How consumer sector is exploiting China's pent-up demand
Date: 2019/12/9 10:08:40

How consumer sector is exploiting China's pent-up demand

China's economy is the world's second-largest behind only the US, and perhaps more importantly, its national stock market is also No 2 when measured by market capitalization, leaving plenty of reason for investors to look into the A-share market.

The general opening-up of China's economy over the past several years, including the recent removal of foreign ownership restrictions, enhanced stock-connect programs and continued inclusion into global benchmarks, offer many new opportunities for global investors while also driving greater and more dynamic participation in the A-share market.
The latest development in this respect should be global index provider MSCI raising the weighing of A-share constituents in its investment benchmarks on Nov 26, the third time since the beginning of this year.
Given the growing appeal of China's A-share market, there are a multitude of sectors which show great promise including consumption, transportation, healthcare and IT.
From a consumption standpoint, China's large population, with young demographics and rising income trends, are paving the way for a wealth of newly prosperous middle-class consumers for decades to come. These trends also serve as structural growth drivers for consumption-orientated companies that are positioned to profit from shifting consumer demand dynamics; these trends include e-commerce, product premiumization, upgrading consumer experience and domestic rural expansion.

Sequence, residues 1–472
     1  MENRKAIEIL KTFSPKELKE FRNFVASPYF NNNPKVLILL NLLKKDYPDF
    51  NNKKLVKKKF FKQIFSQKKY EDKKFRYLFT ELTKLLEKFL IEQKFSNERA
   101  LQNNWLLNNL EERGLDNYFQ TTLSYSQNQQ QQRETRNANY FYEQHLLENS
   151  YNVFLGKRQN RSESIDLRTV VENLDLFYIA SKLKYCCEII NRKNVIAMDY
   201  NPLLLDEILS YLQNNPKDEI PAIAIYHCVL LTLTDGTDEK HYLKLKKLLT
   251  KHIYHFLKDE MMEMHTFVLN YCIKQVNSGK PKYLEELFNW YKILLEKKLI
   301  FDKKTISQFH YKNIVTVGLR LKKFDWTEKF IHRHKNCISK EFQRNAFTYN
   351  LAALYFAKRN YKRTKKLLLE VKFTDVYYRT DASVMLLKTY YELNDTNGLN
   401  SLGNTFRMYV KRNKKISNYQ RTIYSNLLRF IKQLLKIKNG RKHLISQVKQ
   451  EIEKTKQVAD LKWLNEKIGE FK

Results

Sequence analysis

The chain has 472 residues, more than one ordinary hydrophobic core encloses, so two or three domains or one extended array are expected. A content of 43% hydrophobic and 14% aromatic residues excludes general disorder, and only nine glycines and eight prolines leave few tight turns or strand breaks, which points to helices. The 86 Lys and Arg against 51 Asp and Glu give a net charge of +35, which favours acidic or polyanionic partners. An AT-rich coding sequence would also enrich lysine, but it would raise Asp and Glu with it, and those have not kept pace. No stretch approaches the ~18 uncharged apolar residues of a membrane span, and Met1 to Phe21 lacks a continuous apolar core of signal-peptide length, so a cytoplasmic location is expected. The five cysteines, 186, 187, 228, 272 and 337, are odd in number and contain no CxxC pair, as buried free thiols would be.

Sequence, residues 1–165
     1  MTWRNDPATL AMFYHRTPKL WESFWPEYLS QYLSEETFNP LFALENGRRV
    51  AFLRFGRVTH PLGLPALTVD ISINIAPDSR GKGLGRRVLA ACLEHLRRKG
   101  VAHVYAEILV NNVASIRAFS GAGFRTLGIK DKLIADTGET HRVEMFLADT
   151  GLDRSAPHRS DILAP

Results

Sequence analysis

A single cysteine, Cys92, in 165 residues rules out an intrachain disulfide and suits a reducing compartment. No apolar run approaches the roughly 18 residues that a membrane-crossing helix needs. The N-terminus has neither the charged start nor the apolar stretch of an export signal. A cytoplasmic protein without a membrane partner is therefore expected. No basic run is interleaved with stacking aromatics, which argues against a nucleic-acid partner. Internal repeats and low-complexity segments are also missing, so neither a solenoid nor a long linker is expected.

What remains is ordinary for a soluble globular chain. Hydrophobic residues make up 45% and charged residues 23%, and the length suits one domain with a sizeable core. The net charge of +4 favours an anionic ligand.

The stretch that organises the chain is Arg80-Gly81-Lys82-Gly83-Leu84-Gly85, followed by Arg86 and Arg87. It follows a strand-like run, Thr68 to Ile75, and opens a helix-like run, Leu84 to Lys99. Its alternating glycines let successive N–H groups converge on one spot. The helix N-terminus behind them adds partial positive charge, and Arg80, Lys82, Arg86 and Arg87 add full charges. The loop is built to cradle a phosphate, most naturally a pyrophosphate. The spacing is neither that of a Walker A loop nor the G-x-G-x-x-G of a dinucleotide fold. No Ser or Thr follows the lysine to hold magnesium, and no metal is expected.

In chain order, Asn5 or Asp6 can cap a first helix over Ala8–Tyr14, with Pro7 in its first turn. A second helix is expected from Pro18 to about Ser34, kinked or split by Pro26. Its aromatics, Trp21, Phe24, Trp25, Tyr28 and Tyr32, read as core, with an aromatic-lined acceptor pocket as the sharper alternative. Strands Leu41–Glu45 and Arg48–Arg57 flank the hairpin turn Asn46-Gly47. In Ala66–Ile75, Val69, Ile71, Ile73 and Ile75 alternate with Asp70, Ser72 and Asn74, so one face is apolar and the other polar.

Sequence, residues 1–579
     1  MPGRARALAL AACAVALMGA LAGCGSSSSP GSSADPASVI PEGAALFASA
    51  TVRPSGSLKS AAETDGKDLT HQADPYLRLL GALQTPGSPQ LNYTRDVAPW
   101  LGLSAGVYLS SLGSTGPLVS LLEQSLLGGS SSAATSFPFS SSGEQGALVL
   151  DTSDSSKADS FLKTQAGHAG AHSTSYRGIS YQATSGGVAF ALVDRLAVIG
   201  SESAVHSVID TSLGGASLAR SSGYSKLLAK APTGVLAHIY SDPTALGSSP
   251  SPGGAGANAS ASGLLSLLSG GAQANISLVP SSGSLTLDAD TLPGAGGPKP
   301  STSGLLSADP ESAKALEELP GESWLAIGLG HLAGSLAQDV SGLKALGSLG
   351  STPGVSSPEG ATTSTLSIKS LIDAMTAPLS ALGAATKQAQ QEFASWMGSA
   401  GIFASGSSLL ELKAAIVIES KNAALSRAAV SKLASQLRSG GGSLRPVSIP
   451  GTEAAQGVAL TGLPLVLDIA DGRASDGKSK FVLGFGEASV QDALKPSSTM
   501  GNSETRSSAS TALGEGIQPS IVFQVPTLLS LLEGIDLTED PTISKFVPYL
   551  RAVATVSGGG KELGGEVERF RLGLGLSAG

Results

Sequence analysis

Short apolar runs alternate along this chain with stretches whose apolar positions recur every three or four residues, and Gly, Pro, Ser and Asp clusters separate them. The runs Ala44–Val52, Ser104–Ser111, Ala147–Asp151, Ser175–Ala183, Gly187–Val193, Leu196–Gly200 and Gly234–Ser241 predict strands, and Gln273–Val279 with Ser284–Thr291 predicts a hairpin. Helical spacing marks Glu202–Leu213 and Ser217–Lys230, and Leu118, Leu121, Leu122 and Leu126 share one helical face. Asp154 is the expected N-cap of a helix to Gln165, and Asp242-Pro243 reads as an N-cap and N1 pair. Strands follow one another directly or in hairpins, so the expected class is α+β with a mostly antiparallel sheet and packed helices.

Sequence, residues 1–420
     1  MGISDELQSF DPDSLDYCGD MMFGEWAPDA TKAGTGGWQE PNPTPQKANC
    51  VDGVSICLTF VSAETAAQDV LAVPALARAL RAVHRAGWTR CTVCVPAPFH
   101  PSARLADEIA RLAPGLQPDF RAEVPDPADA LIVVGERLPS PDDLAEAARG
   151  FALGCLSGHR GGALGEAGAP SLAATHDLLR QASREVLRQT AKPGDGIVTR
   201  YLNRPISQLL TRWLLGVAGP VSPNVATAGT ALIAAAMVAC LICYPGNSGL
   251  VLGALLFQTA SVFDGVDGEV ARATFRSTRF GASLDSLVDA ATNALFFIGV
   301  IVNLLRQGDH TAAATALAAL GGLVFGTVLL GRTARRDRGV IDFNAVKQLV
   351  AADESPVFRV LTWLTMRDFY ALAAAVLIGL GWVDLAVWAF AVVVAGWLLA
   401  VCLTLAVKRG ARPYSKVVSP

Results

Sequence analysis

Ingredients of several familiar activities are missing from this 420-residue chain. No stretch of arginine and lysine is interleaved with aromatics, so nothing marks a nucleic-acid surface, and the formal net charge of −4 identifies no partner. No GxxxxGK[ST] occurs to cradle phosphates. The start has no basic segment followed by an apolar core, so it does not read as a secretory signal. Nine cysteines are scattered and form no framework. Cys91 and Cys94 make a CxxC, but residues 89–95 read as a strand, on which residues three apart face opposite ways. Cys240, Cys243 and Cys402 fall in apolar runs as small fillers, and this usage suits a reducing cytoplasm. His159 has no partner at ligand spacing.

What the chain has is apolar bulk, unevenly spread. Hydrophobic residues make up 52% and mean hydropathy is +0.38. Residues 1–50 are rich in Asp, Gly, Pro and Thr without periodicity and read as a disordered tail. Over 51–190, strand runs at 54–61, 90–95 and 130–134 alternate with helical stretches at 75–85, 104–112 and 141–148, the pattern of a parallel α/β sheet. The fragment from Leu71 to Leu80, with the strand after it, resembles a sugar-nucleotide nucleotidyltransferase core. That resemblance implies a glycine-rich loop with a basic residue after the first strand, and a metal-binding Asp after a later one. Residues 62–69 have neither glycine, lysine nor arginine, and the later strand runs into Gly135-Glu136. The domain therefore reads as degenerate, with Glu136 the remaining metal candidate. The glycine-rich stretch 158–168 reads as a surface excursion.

The rise in China's consumption also creates opportunities in other sectors such as transportation, which is mainly driven by the increase in tourism within China. Companies listed in the A-share market which focus on infrastructure, such as airports, will be bolstered by the growing tide of consumer spending.
While this trend does boost corporates such as airlines and travel agencies, these industries are more prone to pressure from cyclical headwinds brought on by external forces, and as such, infrastructure-focused companies are still more attractive as they should be able to avoid any oncoming headwinds.
The upgrade in consumption will also help drive China's healthcare sector as there is ample room for China's market to mature further. Demand is increasing from both the young and older populations for a range of more sophisticated healthcare products and services, which are being actively developed by Chinese companies.
China's aging demographics have also translated into higher demand for pharmaceuticals and medical devices, which, when coupled with the strong R&D capabilities of some of China's pharma-tech players, offer a wealth of untapped potential and growth.
Considering the structural reform and market consolidation of the industry, there is also the potential for better earnings margins in the area for select companies in the long term.
China's tech sector also has much to offer, as the theme of technological upgrade in China becomes more and more evident. The A-share market and newly launched STAR board provide access to many of China's budding IT companies, which, due to China's market size and depth, can develop, innovate and sustain themselves into globally competitive players, especially in areas like cloud technology, enterprise solutions and online payment systems.
In short, we assert that consumption remains a reliable driver of growth for China as the world's second-largest economy. Favorable demographics, rapid income growth, improved accessibility and low penetration are releasing pent-up demand in China, especially in second-and third-tier cities. Consumer companies are tapping into this market to capture growth potential in consumption trade-up and experience seeking, thereby ensuring the continued expansion of the consumer sector.